Compensating for the cost of carbon pricing emphasizes the benefits of substitution

by Sebastian Wehrle (reFUEL team member)

In recent weeks and months, a lively debate has evolved on the pros and cons of carbon pricing, be it through cap & trade schemes or taxation. While some are questioning whether carbon pricing is reducing GHG emissions effectively, an impressive agglomeration of renowned economists recently reiterated the idea of combining carbon pricing with compensating payments, something that was also advocated in a joint contribution from Johannes Schmidt, Mathias Kirchner and myself.

The effect of carbon pricing is to raise the cost of emission intense activities, such as driving your petrol-guzzler to work or starting up your gas furnace to have a warm and cozy home. Yet, raising the cost of such essential activities would consume a substantial part of the income, in particular of low-income households. The “yellow vests” in France have demonstrated potential impacts of such policies. Thus, economists suggest compensating households for higher cost through payments financed from the proceeds of pricing carbon emissions.

But what is the point of first making something more expensive to purchase and then handing over the required additional money? Wouldn’t that be highly ineffective?

Indeed, Evgeny Slutsky thought about such issues more than 100 years ago. In 1915 he published a cornerstone of modern consumer theory. The Slutsky equation decomposes the effect of a change in a good’s price on demand for this good into a substitution effect and an income effect. The former arises due to changes in relative prices, while the latter reflect the fact that the same income buys fewer goods when price increases. 

In the case of energy and thus emission intense activities, substitution is indeed often rather difficult. Many people depend on their car to commute to work; frequently tenants have no other option than using the pre-installed, emission intense system for heating their homes. Thus, the short-run substitution effect is, quite likely, limited. To be effective at the level of households, carbon pricing would thus have to work through the income effect. Yet, this effect is (hopefully) largely eliminated by compensation payments. So how can carbon pricing be effective?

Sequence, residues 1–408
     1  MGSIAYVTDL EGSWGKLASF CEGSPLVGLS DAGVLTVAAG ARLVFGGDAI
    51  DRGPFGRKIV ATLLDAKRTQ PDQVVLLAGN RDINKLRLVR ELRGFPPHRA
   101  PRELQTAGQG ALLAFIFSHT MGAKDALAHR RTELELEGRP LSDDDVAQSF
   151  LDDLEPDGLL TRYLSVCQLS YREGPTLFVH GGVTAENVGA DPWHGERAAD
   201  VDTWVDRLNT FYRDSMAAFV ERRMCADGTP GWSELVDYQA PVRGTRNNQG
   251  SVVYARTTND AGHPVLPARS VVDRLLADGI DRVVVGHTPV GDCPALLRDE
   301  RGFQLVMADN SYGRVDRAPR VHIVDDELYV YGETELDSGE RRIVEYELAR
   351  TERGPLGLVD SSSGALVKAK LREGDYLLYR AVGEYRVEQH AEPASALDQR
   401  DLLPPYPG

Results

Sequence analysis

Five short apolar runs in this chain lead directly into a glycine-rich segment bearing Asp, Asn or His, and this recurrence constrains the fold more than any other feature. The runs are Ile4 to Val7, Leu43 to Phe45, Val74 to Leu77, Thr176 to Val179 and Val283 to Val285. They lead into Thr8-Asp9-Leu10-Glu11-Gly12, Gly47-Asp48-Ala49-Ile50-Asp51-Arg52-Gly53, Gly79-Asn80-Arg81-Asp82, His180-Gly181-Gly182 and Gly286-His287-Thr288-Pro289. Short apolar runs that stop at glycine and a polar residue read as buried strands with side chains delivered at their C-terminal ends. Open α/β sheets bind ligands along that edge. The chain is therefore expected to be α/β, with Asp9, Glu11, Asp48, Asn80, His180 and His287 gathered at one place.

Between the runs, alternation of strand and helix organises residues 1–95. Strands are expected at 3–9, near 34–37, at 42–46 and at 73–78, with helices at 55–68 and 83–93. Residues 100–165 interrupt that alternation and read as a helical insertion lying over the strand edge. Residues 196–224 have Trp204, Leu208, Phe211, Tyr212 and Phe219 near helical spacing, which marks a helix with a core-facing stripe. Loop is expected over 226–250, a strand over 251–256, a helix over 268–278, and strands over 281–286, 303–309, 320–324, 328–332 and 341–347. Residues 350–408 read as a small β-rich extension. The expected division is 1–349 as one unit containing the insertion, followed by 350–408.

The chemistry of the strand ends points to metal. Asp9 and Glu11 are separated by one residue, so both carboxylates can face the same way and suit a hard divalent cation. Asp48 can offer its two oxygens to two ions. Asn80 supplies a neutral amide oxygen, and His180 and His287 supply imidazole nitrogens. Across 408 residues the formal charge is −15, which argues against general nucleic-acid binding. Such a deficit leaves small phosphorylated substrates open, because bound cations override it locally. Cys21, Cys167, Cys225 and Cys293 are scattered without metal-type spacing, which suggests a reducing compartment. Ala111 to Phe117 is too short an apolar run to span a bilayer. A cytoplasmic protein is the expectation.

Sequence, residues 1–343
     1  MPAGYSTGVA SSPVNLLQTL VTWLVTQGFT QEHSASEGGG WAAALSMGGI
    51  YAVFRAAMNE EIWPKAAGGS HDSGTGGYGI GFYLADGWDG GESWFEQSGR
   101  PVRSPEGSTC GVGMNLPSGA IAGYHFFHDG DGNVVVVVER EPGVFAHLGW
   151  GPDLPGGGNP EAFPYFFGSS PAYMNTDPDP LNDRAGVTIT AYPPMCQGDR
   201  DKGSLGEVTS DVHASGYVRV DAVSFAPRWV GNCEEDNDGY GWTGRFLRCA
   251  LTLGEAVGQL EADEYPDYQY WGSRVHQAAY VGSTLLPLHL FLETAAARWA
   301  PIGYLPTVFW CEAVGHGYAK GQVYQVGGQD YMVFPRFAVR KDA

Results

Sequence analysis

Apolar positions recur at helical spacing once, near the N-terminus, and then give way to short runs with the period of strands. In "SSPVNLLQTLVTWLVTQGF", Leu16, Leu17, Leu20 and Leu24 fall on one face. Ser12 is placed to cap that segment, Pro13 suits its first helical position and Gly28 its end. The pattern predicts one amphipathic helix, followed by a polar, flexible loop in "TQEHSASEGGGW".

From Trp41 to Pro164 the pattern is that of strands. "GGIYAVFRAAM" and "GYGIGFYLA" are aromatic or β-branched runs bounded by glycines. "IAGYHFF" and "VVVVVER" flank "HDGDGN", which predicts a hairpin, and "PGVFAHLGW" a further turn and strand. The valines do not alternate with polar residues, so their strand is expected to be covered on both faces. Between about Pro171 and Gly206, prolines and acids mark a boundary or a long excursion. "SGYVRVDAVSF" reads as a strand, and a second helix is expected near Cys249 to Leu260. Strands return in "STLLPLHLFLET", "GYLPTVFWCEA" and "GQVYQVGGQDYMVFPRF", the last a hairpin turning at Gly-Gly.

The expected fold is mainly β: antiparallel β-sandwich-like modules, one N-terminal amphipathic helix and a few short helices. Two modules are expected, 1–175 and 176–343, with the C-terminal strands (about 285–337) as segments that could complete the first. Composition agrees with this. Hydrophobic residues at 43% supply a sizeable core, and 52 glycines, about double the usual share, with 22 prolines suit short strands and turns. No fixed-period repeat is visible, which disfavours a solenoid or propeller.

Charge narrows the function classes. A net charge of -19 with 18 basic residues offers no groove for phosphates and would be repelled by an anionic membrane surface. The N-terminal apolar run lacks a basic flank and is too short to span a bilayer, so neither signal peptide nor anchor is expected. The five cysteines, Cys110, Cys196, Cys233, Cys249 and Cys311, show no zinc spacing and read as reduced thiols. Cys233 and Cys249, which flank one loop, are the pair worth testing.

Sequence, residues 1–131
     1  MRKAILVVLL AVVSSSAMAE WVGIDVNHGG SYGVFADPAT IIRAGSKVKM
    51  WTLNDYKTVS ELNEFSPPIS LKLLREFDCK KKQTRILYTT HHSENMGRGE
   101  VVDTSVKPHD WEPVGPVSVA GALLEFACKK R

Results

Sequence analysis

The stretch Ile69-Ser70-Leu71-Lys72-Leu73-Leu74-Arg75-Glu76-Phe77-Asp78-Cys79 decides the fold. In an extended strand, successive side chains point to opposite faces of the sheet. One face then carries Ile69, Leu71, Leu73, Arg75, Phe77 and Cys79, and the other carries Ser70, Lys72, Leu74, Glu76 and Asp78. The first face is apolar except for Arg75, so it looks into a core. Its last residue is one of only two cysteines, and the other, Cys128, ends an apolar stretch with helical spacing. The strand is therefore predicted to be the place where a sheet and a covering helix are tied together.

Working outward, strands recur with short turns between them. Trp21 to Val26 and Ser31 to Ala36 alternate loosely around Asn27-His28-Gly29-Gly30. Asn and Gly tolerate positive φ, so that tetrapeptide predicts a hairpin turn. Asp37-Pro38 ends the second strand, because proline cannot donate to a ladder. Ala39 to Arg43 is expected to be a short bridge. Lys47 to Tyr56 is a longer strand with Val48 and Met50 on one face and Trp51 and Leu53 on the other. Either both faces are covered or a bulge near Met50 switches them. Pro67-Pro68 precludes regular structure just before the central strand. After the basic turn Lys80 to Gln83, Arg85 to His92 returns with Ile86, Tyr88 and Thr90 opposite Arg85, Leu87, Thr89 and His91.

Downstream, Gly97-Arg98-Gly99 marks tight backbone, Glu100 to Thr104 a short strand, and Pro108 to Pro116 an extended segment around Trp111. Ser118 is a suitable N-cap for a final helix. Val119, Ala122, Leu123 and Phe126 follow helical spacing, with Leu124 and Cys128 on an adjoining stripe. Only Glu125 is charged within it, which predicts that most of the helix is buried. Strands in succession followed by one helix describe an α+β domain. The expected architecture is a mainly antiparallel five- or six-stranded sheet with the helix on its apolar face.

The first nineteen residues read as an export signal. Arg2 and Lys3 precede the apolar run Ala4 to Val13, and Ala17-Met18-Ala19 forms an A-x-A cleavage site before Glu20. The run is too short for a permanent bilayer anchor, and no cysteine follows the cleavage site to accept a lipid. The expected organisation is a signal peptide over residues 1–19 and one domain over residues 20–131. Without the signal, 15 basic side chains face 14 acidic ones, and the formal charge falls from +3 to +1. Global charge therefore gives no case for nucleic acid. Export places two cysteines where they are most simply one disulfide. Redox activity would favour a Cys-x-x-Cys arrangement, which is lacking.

The important point here is that such a policy does not aim at reducing final energy consumption. Rather it aims at reducing greenhouse gas emissions. And doing so is not limited to households, but also affects producers.

In the short term, carbon pricing works by providing incentives for substitution, mostly on the supply side. For instance, electricity systems nowadays frequently have significant fossil spare capacity as renewable generators keep being added to these systems. Typically, the most emission intense coal or lignite-fired generators have the lowest cost, while less polluting natural gas-fired units are more costly to dispatch. A sufficiently high carbon price can reverse cost-based dispatch in such a system. Besides, the additional cost from carbon pricing will only be partly passed through to consumers.

Even more importantly, a credible carbon price also provides long-run incentives for investment on the supply side and for durable consumer goods on the demand side. When companies decide on investment options, a carbon price changes future revenues in the favor of low emitting technologies. This also helps to avoid lock-in effects arising from continued investment in emission intense technologies with long life times.

In addition, credible carbon pricing also increases the potential gains from innovating low or no emission products, either through raising final demand, e.g. because an innovation enables cost-saving substitution at the level of final consumers, or potential revenues, e.g. because an innovation allows saving costs of production.

Carbon pricing can go a long way even without reducing energy consumption from final consumers. This, however, does not mean that carbon pricing is a panacea. There are good reasons for combining carbon pricing with other, reinforcing polices that foster low or no carbon innovations. Ultimately, we will need to find a sensible mix of policies to mitigate climate change. Carbon pricing is one of them.

Johannes Schmidt